German string quartet Sonar meetrenowned soprano Juliet Fraser in a concert of ambiguous meaning and definitefeeling. Naomi Pinnock and Heinz Holliger are artists bonded by theiropen-ended style – both of them leave definitive impressions through sparsemusic, the kind that hovers over its listener indefinitely. Rather than fillthe space completely, they open it up, giving each listener the chance to placethemselves within the sounds. A founding member of the radical EXAUDI ensemble,Juliet Fraser lends the perfect voice to Pinnock and Holliger, colouring theirambiguous work with her own expressions. Along with Sonar, she becomes wrappedup in the pieces, experiencing them on the same immersive level as thelistener.
American cellist Seth Woods saw a photo of Charlotte Moorman playing a cello, made of ice, in the nude. This is how the Iced Bodies project began. From the photo, Woods pieced together a fascinating tale about Moorman, a performer pulled towards extreme performance. Collaborating with artist Jim McWilliams, she created a cello-shaped sculpture made of ice, using it to perform his piece Iced Music for London. An obscure relic of the New York underground, Woods has dug up the 1972 piece and given it a new perspective, creating his own ‘ice cello’ augmented with electronic sound devices. Rethinking the confrontational performance of Moorman, he’s created a modern installation that considers those frozen out of modern society. He’ll play it until it melts.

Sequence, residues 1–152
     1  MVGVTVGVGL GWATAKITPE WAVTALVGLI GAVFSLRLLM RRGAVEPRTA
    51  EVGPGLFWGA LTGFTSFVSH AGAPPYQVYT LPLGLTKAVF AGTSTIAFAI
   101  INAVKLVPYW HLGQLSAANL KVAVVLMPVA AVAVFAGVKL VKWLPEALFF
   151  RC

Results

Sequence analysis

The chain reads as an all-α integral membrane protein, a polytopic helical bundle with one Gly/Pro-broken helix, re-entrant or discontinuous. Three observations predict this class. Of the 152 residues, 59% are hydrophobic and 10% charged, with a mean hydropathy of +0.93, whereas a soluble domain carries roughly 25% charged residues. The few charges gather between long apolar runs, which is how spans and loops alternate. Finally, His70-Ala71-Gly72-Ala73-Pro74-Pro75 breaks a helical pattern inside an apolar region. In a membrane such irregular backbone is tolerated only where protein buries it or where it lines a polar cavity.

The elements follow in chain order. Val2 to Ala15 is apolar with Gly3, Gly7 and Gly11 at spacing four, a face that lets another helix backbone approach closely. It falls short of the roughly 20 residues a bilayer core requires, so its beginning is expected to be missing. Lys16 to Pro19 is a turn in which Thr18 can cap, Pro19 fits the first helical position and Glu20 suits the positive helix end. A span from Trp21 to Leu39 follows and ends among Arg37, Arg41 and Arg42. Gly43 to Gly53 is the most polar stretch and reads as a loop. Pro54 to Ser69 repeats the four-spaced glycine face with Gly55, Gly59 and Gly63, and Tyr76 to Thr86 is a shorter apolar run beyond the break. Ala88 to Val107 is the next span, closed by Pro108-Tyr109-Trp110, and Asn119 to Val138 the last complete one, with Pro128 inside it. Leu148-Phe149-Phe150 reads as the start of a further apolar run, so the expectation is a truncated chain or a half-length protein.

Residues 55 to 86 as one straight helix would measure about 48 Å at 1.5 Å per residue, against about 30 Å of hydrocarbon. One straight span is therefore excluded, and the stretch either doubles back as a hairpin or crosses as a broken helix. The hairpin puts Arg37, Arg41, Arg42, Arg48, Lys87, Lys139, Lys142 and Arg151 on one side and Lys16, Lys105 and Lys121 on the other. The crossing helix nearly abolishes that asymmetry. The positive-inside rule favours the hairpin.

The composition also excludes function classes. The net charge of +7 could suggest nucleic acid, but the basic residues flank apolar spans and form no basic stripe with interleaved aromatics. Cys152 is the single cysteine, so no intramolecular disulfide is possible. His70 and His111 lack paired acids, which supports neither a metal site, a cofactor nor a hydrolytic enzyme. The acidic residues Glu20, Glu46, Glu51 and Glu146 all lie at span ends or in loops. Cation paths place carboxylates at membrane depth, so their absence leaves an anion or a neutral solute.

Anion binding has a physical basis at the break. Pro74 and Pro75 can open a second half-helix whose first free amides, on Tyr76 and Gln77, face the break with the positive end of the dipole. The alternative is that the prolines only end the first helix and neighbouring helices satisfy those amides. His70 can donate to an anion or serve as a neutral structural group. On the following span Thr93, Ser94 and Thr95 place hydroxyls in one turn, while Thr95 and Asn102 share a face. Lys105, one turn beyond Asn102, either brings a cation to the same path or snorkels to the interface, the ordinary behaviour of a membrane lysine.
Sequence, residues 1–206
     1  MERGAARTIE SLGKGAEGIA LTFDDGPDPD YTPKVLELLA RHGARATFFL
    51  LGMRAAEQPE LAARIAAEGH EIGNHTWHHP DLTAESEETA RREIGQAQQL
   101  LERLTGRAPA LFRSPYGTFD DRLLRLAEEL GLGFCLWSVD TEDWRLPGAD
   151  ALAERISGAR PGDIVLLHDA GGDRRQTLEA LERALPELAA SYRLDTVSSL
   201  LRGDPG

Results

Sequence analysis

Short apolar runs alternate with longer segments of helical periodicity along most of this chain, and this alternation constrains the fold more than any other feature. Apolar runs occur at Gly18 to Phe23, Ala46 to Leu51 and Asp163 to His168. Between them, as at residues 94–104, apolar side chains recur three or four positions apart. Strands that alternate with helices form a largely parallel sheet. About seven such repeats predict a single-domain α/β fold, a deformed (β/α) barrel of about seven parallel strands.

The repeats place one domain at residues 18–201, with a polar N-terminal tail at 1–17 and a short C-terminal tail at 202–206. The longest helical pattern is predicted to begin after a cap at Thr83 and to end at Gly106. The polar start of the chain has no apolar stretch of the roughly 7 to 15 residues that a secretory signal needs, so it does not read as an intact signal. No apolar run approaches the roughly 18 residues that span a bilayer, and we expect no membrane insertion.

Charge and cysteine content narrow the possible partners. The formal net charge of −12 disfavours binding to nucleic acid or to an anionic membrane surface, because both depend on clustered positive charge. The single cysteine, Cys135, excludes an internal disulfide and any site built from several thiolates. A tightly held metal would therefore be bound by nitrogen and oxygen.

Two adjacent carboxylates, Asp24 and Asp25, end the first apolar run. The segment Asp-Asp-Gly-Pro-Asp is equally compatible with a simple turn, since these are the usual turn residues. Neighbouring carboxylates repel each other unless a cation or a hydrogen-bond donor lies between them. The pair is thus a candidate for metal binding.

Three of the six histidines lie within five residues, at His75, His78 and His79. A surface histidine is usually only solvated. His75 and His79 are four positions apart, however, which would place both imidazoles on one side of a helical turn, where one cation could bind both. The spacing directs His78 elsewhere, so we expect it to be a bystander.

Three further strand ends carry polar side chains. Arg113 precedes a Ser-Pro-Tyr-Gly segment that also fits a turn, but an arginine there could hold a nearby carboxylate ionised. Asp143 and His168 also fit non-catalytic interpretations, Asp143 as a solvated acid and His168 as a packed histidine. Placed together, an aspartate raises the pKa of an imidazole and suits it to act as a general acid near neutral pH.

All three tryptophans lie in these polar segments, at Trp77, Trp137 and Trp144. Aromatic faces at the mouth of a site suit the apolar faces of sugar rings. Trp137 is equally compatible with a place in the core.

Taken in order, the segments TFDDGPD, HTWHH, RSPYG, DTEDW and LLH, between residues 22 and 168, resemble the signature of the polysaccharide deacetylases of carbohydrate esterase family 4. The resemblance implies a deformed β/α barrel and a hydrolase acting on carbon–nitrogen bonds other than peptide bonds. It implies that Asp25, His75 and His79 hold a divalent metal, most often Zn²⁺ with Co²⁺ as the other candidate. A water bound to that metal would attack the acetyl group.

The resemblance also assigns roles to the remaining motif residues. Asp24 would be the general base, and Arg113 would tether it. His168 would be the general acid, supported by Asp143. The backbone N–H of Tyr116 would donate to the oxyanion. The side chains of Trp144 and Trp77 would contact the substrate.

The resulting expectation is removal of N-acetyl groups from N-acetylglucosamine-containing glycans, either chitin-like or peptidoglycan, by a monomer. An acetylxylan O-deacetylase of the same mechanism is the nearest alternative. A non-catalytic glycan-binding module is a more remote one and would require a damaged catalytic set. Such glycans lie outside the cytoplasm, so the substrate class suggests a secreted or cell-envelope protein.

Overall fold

The Riot Ensemblemark their second appearance at hcmf// 2019 with a series of performances trueto their name. Renowned for building deep, long-standing relationships withcomposers, the ensemble is one of the world’s best for guiding radical musicinto the world. In this concert, they premiere four pieces they’ve worked onwith musical innovators around the world. St Paul’s Hall is a home fixture forthem by now,and they fill the space with a familiar crackle of energy.